THE beginning of January is the moment at which we are meant to think about what could be better and make resolutions for the year ahead.

However, being a “glass-half-full” kind of person and a little fatigued by what feels like a lot of negative news stories at the moment, I thought it would be interesting to consider what we are generally doing well as a society for young people.

So, these are some of my reasons to be cheerful based on what I’ve observed over 25 years as a teacher:

1 Teaching is better now than it ever has been. Teachers work harder to understand what makes their pupils tick and what exactly enables them to learn most effectively; teaching techniques are more creative and inventive; and learning is in general more interactive and thought provoking.

2 People listen to children more and take their views seriously.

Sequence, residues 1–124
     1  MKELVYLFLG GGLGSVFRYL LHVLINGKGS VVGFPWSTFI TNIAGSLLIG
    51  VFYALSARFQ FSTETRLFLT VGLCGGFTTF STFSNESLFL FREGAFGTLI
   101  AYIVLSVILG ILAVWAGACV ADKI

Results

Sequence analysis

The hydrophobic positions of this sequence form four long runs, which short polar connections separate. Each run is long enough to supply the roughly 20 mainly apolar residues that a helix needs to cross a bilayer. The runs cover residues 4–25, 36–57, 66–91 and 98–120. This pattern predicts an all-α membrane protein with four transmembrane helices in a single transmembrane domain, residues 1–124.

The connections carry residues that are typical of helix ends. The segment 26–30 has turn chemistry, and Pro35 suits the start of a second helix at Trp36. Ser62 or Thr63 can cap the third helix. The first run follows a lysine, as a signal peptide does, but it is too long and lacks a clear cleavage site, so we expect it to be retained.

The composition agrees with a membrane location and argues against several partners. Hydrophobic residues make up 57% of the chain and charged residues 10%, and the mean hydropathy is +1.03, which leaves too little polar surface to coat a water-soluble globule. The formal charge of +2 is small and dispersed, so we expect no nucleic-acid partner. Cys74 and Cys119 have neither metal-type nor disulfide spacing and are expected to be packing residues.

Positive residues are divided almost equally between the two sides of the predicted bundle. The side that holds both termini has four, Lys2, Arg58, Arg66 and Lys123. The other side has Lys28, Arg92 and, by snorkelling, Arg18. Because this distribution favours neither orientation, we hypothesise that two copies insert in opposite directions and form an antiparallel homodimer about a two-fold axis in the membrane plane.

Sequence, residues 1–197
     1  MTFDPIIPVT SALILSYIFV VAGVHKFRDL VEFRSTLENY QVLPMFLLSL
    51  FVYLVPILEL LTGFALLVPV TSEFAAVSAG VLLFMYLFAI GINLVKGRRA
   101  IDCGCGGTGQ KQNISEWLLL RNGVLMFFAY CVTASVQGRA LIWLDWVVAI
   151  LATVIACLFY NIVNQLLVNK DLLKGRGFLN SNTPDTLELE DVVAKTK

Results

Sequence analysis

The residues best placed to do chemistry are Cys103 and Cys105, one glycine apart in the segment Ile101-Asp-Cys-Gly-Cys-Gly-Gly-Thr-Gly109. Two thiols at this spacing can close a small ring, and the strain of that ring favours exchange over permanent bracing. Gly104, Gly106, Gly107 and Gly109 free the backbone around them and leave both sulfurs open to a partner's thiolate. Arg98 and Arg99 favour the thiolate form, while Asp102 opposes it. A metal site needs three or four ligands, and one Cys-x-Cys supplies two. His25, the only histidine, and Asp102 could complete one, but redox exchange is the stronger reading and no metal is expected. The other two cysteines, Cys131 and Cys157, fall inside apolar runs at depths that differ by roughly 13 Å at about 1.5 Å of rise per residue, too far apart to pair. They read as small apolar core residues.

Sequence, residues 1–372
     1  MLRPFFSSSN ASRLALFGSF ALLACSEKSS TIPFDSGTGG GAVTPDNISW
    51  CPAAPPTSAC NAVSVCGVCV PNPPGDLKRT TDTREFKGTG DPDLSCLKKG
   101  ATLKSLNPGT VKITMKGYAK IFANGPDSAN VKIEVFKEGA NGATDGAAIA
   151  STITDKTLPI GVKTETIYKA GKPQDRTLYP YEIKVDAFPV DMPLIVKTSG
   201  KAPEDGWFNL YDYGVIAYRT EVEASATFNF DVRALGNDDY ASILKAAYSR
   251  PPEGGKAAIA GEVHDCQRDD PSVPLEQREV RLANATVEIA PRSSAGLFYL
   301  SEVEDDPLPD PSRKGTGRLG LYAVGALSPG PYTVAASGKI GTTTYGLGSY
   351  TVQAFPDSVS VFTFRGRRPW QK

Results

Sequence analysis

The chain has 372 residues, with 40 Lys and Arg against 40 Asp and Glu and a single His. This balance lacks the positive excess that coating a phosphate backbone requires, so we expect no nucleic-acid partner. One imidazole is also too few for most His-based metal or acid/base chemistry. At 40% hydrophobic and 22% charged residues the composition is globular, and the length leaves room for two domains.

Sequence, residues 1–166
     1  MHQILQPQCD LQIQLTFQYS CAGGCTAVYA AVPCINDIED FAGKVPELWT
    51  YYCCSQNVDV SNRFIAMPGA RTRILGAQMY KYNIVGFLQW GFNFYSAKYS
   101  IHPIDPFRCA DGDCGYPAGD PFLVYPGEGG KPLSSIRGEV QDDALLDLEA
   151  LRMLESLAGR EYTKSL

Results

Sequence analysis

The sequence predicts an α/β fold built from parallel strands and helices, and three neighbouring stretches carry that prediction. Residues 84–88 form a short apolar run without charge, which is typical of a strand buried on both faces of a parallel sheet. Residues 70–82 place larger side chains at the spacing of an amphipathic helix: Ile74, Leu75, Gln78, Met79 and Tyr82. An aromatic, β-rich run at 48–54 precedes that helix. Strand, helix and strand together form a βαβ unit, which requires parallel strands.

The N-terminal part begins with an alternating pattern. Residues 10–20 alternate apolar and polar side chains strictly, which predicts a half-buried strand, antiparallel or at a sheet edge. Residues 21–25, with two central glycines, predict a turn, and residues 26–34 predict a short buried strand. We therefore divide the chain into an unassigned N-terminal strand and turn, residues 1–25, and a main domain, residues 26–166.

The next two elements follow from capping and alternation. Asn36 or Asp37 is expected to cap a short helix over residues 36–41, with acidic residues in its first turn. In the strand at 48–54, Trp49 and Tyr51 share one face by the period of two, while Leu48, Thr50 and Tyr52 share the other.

3 It is widely recognised now that there are many types of intelligence and many gifts.

4 More effort is made to reward children who do their very best, are kind, and contribute positively.

5 There is much more awareness of life beyond school and careers education has vastly improved: information about apprenticeships, the world of work and vocational routes is significantly better.

6 Failure is not seen as a barrier to ultimate success but one of the key steps along the way.

7 Pastoral care is widely recognised as being absolutely central to young people’s happiness and ability to learn.

8 Young people are more likely to be given leadership opportunities, responsibilities and the freedom to prove themselves.

9 The approach to education is a much more holistic one and families are encouraged to be involved in children’s learning.

10 We are kinder, more tolerant and more encouraging of young people than ever before, while expecting more from them at the same time. In my view, to have high expectations of someone is to have faith in their potential and to treat them well is to nurture the roots from which the next generation can thrive and grow.